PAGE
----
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Assessment and Diagnosis of ADHD in the Child or Adolescent
What is involved in a thorough assessment and diagnosis of ADHD?
The assessment and potential diagnosis of ADHD is not an easy fifteen-minute doctor's visit. The process should be thorough and take more than one visit. The diagnostic procedure for children, adolescents or adults should be comprised of: a physical and psychiatric medical history, an extensive interview with the patient, parents or significant other, and the administration of various symptom rating scales. Usually more than one scale is used to confirm the results.
The process is one of evaluating symptoms and defining their inclusion into the typical ADHD symptom profile while, at the same time, excluding any other possible reasons for these symptoms. For a diagnosis to be made symptoms need to be seen in more than one setting, such as at school and at home. This is necessary because symptoms may be caused by conditions in a particular environment, rather than being due to a medical condition. Currently to qualify for a diagnosis, symptoms are required to be present before the age of twelve. If symptoms are less severe and coping strategies are extensive, ADHD may not be detected early on.
It is not uncommon for a diagnosis of ADHD to be missed on the first and even second assessment, if the symptoms are mild, or do not present in the typical manner. If the child if not visibly hyperactive or displaying other symptoms that parents and teachers find annoying they can often be missed. This is quite common for girls or women, but also in males with the primarily inattentive subtype of ADHD.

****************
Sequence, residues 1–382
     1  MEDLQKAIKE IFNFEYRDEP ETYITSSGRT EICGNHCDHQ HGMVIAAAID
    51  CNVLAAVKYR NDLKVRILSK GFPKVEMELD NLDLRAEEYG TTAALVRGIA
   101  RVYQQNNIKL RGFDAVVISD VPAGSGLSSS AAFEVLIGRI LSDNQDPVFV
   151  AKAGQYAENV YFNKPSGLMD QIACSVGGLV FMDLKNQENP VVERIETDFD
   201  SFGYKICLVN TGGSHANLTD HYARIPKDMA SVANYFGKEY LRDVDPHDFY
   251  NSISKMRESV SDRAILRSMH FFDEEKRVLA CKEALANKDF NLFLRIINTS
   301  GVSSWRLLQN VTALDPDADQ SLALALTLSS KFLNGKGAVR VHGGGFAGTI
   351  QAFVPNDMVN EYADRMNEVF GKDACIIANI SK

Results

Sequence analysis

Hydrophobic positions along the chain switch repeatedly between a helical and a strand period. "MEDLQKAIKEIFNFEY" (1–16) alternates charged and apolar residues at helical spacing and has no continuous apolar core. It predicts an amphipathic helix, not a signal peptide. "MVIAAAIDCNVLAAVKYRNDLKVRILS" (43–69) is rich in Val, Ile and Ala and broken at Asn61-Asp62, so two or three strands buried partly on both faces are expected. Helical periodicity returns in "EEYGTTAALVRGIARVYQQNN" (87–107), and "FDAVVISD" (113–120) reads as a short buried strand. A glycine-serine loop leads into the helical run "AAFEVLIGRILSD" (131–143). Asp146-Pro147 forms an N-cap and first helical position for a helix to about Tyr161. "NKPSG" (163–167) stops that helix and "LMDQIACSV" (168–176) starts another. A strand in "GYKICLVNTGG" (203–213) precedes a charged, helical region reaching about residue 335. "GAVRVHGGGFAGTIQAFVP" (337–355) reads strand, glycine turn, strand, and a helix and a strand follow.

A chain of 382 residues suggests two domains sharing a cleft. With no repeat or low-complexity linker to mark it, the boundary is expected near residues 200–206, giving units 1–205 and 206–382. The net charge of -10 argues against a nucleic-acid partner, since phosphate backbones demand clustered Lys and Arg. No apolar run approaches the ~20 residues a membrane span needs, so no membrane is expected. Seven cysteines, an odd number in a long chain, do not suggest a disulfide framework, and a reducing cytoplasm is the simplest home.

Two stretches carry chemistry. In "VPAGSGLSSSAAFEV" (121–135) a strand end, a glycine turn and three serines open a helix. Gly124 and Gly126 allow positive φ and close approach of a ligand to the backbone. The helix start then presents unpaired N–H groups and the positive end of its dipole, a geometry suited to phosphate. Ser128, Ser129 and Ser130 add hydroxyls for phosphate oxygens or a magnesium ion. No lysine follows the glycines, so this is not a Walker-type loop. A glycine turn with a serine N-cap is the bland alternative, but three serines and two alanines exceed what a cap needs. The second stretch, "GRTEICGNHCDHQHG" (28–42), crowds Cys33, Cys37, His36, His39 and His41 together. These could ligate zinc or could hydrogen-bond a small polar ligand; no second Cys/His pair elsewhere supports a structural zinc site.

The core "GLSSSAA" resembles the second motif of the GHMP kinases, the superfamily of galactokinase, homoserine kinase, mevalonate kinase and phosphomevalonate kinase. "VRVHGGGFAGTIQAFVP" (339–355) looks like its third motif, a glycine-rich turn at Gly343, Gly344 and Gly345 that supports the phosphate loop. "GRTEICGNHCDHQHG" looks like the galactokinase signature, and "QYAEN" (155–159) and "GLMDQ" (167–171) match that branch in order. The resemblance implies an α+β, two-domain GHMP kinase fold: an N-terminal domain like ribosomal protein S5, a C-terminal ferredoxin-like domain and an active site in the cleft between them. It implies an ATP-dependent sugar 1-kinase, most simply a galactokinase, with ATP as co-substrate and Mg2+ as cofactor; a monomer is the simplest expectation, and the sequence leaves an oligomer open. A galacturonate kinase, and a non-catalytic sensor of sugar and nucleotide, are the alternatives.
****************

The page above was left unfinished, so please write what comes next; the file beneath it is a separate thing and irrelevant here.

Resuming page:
Children with ADHD who are very bright can often cope at school by relying on their sheer intelligence, however, not only does their ADHD go undiagnosed, frequently their giftedness often goes undetected as well. These children can end up feeling extremely frustrated and bored, and rarely demonstrate their academic potential. They may be able to make it through elementary and possibly even high school without too much trouble, but when good executive functioning skills, such as working memory, time management and organization, as well as attention regulation, are required at the post-secondary level, many struggle and fail without the proper assistance.
During a complete diagnostic procedure, a screening for other conditions that often coexist with ADHD should be completed. Only one in five people have uncomplicated ADHD, or ADHD without any other co-existing conditions. Some of the conditions that we routinely see with ADHD are: learning disabilities (LDs), anxiety, depression, and oppositional defiant disorder (ODD). On the flip side, ADHD can also be a co-existing disorder of (or often seen with) many other disorders such as Tic Spectrum Disorders, Bipolar Disorder, Conduct Disorder, Mental Retardation, Mood Disorders andAutistic Spectrum Disorder. For this reason it is very important to have a thorough assessment to accurately record all symptoms and 'red flag' any potential disorders. Unfortunately, some conditions do not fully present until a child is older, making them difficult to diagnose at an early age. The longer ADHD goes undiagnosed and untreated and the longer it persists into adulthood without treatment, the more likely co-existing conditions will occur.